Our first review of the Enermax LiqTech TR4 cooler was great, and in fact, I highly recommended it as a great option for Threadripper systems. However, shortly before I began this review, some news reached me of premature failures and even leaks, along with an online statement from Enermax.
“We are fully aware of the leaking issue and have stopped selling our 1st gen TR4 cooler as well as the first batch TR4 II. The revised TR4 II coolers have fixed the problem and are arriving to our warehouse bi-weekly by air shipments since early September. We have reserved some units just for RMA so if you are still having problems with the 1st gen Liqtech TR4 or the early production of Liqtech TR4 II, we are more than happy to replace it with the newest version. It can be done by filing an RMA request on our website, https://www.enermaxusa.com/support.php Feel free to PM or reply to this post for any questions. We are here to help :)” – Enermax USA Support Team
Unfortunately, this changes the tone of our review dramatically, as these failures are not something we would normally catch in our review process. We can no longer recommend the first generation LiqTech AIOs, and are leaning that direction with the new variant.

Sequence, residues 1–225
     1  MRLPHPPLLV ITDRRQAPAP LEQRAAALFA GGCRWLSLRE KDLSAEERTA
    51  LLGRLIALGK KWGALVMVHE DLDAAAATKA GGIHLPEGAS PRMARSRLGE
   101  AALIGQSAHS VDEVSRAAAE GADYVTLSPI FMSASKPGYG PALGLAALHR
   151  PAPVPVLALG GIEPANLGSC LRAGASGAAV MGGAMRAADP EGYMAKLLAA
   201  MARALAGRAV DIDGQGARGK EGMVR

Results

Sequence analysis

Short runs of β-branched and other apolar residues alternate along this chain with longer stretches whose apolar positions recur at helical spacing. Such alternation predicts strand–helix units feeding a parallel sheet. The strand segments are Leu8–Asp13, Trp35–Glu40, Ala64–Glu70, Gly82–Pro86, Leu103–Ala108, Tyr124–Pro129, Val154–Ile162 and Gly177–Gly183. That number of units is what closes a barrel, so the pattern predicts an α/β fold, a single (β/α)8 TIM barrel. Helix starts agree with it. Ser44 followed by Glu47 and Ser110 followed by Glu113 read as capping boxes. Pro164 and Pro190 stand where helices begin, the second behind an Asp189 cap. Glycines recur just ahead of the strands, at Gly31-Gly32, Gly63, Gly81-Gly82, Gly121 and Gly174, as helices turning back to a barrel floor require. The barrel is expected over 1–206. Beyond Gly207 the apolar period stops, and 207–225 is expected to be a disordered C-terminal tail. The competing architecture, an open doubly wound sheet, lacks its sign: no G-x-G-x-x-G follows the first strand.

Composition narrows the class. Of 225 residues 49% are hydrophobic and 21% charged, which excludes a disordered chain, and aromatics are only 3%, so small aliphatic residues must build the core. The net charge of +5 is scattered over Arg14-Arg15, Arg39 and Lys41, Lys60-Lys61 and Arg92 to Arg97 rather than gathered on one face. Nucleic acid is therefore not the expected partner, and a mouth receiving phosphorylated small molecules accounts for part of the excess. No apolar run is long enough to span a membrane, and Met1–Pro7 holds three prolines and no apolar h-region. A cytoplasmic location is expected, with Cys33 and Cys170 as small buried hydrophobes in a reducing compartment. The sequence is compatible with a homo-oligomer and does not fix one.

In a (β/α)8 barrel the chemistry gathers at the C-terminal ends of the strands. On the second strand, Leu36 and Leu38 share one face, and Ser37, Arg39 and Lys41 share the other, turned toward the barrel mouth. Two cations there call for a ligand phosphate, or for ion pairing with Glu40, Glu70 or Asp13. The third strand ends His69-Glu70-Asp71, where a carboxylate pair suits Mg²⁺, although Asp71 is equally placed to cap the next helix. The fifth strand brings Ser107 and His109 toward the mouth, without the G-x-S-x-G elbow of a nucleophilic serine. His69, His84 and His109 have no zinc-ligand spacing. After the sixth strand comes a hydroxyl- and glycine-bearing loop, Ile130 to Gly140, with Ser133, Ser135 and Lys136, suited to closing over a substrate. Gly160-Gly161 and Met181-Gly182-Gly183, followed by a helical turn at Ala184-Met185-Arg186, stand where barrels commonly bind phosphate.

It’s an unfortunate miss for Enermax. The bulk of the hardware is very impressive, even if their claim of 500W thermal dissipation is a bit boisterous on a 240mm AIO cooler. Any time you mix metals in a cooling system, there is a risk of corrosion, and that seems to be what’s going on here. Don’t get me wrong, there are a number of coolers on the market with mixed metals like this, and sometimes, using aluminum radiators winds up hurting the product in the long run.
Thanks for watching the review and teardown of the Enermax LiqTech II 240mm TR4. It’s always fun to disassemble things like this and get a perspective not many get to see. As always, make sure to like this video and subscribe to Modders-Inc on YouTube for the latest in how-tos and hardware reviews.